Way back in time I built a Revell 1/72 F-4B of VF-102. In those days accuracy in plastic models was not what it is today but one thing stood out at the time and has stayed with me ever since: the wing tanks. These were the very early "constant curve profile" tanks that appeared on early Phantoms, USN and USMC, and, as I understood, were manufactured by McDonnell. They appeared on photographs of F-4As and the early USMC deployments to Vietnam. Subsequently, the more traditional "cylindrical" tanks became standard fitment and have endured to this day. Most photographs will show this latter type, which I also understood to be of Sergeant-Fletcher manufacture.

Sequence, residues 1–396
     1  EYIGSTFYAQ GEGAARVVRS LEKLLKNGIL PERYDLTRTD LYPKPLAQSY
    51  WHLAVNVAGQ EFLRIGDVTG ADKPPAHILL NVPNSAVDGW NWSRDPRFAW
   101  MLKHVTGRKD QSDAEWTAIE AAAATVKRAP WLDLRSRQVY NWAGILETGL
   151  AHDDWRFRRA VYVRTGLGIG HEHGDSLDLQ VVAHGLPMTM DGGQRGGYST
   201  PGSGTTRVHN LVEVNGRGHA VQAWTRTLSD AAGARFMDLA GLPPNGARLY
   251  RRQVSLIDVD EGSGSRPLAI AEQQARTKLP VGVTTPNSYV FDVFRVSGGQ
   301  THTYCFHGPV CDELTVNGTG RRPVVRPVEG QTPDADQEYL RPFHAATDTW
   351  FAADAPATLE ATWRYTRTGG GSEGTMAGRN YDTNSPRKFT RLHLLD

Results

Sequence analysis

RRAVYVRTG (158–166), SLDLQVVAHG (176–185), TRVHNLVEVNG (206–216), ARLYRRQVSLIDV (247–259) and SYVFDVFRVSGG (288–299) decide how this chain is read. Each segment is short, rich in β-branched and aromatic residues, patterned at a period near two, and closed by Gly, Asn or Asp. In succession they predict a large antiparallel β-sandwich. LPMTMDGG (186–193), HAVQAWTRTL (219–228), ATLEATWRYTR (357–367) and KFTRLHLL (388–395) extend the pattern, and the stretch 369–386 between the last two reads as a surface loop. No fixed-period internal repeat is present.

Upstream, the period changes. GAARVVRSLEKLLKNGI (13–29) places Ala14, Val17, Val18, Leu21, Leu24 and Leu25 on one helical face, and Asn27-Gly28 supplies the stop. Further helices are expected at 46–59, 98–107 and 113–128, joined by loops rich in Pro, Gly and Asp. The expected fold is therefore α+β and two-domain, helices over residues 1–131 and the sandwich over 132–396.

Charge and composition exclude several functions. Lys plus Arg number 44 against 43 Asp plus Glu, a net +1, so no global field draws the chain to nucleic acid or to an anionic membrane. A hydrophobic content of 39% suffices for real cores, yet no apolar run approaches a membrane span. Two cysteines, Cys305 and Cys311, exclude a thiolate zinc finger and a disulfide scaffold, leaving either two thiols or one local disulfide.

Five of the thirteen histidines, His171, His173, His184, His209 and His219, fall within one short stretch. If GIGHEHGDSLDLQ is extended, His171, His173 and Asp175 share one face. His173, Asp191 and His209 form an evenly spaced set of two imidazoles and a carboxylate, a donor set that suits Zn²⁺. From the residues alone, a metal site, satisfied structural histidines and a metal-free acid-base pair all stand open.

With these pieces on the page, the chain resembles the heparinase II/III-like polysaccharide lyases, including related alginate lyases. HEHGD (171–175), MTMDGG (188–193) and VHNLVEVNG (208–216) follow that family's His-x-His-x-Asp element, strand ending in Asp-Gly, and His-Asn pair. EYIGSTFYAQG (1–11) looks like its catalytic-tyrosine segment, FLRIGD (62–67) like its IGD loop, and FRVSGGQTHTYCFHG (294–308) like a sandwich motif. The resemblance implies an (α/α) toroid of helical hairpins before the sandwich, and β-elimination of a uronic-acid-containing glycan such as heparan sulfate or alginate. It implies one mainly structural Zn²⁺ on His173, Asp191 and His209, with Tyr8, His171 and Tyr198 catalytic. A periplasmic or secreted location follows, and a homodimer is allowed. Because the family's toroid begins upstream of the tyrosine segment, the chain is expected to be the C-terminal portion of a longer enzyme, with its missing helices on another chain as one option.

Recently, I have been in contact with an aftermarket resin manufacturer and have planted the possibility of producing the early tanks as I, along with a good many others I am sure, would like to use these on the new 1/48 F-4B model from Academy (not to mention the Hasegawa F-4B). They also feature, paradoxically, on the box artwork but not in the box. During the e-mail discussion, this guy mentioned the Daco publication by Danny Coremans - Uncovering the US Navy F-4, which is part of my library on our phavourite aircraft, and specifically pages 78 and 79 which show both types of tank. I referred to the said pages and found that the captions quote the early tanks as being Sergeant-Fletcher and the later, much more common type being Royal Jet ( a name that I had only ever associated with centreline tanks). Having read this book some while ago when first purchased, I must have missed this caption or maybe just treated it as misinformation at the time (although the book as a whole is extremely scholarly) but having just re-read the caption, my first reaction was that this was a mistake. I am now looking for some "original source" information about the origins of these tanks. I need someone who was around at the time - which may be a big ask - who can verify who the manufacturer of the two types of wing tanks was. The original "constant curve" type with seams both sides at 90 and 270 degrees, and the cylindrical type with nose and tail cones and a single seam at about 135 degrees. Any help would be appreciated but I am keen to avoid hearsay and legend because, if I am wrong and Danny Coremans is right, then I have believed the legend and hearsay for the last 40+ years.